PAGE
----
We all know when cold and flu season comes around, washing your hands is especially important. But so is what you put on your plate. What you eat can also boost your immunity to help you fight off bugs and stay healthy. “The immune system isn’t a single entity,” says Rachel Swanson, R.D., L.D.N., a registered dietitian nutritionist and the founder of the nutrition consulting firm Rachel’s Rx in Los Angeles, California. “It’s an exquisitely intricate, interconnected system. Our daily habits (including diet, exercise, sleep, and stress management) have a much greater impact than any one single intervention alone.”
In other words, popping a multivitamin and drinking a green juice for breakfast isn’t going to keep you well if you chase it with eating a fast-food lunch, sitting all day behind your computer, and digging into a pint of ice cream before a late bedtime.
“We can really boost our immunity through diet alone. Consistent intake of the micronutrients that help our bodies fight disease, is a natural solution to infection prevention,” says Cassie Majestic, M.D., an emergency medicine physician at UC Irvine Medical Center in Orange, California. “Micronutrients, or vitamins and minerals, are vital to disease-prevention and health development.”
We can really boost our immunity through diet alone. Consistent intake of the micronutrients that help our bodies fight disease, is a natural solution to infection prevention.
—Cassie Majestic, M.D.
Related: 9 Simple Steps to a Stronger Immune System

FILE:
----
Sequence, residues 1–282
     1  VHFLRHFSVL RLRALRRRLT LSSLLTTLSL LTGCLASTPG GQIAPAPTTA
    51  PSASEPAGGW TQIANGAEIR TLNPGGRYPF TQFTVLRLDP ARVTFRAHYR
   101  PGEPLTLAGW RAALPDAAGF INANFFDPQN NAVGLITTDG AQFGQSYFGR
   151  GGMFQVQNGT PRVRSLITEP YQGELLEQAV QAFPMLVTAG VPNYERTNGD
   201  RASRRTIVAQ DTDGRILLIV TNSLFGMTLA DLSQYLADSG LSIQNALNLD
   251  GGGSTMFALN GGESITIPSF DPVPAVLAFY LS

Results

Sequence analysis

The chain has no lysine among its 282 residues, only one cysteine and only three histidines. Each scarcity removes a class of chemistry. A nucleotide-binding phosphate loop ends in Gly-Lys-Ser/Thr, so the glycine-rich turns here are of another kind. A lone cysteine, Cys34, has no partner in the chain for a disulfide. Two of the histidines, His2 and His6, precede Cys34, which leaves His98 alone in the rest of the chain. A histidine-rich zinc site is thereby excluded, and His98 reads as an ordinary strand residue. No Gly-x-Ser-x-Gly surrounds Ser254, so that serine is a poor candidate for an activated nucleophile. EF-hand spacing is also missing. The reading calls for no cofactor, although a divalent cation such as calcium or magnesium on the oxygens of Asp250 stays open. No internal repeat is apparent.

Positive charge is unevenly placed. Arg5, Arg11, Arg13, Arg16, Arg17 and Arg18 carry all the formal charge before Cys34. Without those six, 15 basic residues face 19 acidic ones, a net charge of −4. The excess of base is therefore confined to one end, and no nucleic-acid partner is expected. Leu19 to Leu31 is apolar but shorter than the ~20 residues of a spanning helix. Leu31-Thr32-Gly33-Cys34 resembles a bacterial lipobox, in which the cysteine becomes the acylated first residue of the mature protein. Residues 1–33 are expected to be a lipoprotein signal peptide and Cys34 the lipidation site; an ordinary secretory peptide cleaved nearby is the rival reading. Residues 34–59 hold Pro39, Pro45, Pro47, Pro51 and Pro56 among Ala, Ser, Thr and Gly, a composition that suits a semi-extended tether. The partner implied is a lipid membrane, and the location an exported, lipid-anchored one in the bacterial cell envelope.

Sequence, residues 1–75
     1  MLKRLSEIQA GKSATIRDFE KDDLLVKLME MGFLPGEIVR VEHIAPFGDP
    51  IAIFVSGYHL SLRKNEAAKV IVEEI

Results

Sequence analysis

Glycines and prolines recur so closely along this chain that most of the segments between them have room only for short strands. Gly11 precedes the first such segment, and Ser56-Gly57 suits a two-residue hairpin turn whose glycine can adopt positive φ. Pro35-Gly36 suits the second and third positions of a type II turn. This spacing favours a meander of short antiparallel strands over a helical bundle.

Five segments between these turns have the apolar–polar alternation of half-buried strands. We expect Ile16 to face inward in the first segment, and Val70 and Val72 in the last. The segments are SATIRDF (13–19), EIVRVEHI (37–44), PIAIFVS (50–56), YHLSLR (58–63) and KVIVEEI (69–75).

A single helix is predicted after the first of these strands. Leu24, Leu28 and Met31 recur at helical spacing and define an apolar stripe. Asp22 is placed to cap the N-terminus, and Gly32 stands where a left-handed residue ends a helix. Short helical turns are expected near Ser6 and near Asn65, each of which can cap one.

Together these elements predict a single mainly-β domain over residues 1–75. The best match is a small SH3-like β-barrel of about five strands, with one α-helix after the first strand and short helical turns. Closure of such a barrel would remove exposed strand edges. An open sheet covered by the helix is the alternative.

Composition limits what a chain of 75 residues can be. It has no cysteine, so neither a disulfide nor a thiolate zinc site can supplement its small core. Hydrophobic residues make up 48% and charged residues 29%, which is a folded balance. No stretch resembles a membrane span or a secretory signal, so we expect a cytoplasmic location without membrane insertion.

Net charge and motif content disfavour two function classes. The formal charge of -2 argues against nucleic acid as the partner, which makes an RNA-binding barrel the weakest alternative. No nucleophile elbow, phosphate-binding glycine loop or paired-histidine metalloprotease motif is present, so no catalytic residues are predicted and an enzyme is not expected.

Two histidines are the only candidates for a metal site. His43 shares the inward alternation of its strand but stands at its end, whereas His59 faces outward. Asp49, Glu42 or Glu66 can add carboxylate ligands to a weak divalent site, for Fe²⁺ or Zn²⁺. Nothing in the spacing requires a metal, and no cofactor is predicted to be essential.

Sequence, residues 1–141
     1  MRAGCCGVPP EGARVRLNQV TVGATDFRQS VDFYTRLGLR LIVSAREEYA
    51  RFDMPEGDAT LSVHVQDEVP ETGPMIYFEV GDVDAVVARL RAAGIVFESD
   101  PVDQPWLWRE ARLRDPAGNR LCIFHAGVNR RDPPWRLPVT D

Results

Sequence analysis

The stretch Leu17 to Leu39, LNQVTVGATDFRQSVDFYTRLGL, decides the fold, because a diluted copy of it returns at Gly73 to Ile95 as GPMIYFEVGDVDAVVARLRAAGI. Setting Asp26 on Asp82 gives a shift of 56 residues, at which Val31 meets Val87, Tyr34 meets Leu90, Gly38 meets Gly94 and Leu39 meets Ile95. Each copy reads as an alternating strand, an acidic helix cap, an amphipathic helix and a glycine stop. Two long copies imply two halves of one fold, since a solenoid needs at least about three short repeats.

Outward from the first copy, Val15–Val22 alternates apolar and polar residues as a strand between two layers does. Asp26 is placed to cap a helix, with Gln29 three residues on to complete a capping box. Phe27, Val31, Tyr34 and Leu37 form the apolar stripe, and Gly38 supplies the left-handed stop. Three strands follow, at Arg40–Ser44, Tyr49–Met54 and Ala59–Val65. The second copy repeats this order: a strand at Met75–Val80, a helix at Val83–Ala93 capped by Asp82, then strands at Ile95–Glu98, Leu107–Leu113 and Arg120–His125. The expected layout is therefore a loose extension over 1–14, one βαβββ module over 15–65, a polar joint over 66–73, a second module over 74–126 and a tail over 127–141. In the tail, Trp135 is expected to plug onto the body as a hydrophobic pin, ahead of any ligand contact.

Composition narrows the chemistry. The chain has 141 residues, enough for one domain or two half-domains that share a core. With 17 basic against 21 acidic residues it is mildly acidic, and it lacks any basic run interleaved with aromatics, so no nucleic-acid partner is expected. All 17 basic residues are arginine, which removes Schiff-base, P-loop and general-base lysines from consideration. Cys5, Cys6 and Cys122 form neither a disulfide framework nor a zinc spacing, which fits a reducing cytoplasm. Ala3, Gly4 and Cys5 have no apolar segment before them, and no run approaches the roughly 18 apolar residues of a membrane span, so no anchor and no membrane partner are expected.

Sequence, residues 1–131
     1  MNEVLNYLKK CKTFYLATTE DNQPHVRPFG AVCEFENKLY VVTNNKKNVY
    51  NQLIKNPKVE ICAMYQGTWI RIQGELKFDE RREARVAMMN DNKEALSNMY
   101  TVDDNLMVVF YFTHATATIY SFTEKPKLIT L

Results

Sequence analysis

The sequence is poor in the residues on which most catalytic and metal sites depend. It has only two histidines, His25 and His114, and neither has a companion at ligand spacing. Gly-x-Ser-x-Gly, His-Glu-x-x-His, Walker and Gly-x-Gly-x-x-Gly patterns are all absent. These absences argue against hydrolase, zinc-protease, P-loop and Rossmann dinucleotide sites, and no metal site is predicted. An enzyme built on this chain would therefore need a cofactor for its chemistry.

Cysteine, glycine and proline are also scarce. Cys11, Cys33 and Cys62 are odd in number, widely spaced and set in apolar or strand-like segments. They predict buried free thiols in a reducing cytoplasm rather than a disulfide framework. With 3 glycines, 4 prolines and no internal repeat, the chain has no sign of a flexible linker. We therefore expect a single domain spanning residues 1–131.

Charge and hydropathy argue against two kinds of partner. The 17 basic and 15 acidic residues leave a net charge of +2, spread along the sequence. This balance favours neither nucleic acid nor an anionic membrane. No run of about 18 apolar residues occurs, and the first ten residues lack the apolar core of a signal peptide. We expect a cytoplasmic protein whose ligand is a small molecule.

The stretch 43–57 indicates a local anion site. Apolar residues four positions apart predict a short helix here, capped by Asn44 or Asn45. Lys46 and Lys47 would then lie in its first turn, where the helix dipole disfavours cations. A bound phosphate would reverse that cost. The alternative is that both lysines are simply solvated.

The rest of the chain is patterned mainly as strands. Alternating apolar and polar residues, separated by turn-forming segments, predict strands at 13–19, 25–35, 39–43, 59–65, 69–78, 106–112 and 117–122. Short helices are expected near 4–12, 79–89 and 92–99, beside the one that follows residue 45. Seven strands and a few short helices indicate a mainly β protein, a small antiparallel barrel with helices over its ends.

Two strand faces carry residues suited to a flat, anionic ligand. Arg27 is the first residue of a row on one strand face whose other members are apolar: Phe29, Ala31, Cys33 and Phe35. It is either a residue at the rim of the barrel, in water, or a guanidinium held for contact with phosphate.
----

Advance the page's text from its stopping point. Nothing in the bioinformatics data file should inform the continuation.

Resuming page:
Your body only needs small amounts of these nutrients (hence the “micro” in the name), but since the body does not make them on its own, we must include them in our diets. The best foods for the immune system are often full of:
- Vitamin C
- Vitamin E
- Vitamin B6
- Vitamin A
- Vitamin D3
10 of the Best Immune-Boosting Foods
“Without adequate nutrition, the immune system is deprived of essential components that generate an effective immune response and resistance to infection,” Swanson says.
So fill your cart with these foods to strengthen immune systems (listed in no particular order). All come recommended by Swanson, Majestic, and Rachel Fine, R.D., a registered dietitian and owner of the nutrition counseling firm To The Pointe Nutrition in New York City.
1. Citrus Fruit
One of the strongest sources of vitamin C, lemons, limes, oranges, and grapefruit help ward off infection. For a bonus dose of the best foods for the immune system that are high in C, add strawberries and avocados to your shopping list, too.
Related: Fast and Fresh Recipes That Will Brighten Your Menu
2. Fermented Foods
Kimchi, tempeh, miso, and even kombucha are killer when it comes to combating germs.
“Fermented foods, and the probiotics they contain, are beneficial for the gut ecosystem,” Swanson says. “The majority (about 80% ) of immune cells are housed within the gut, which reflects the importance of our diet in maintaining proper functioning.”
Related: Here’s how to make your favorite fermented foods.
3. Chicken Soup
It’s good for the soul and strengthening your immune system.
“There’s a reason why chicken soup makes its debut a lot during cold and flu season: Poultry, such as chicken, is high in B6, which helps with formation of new red blood cells,” Swanson says.
And if you can stir in a handful of kale or chard, even better.
“Dark leafy greens are high in magnesium and vitamin E, a potent antioxidant,” Swanson adds.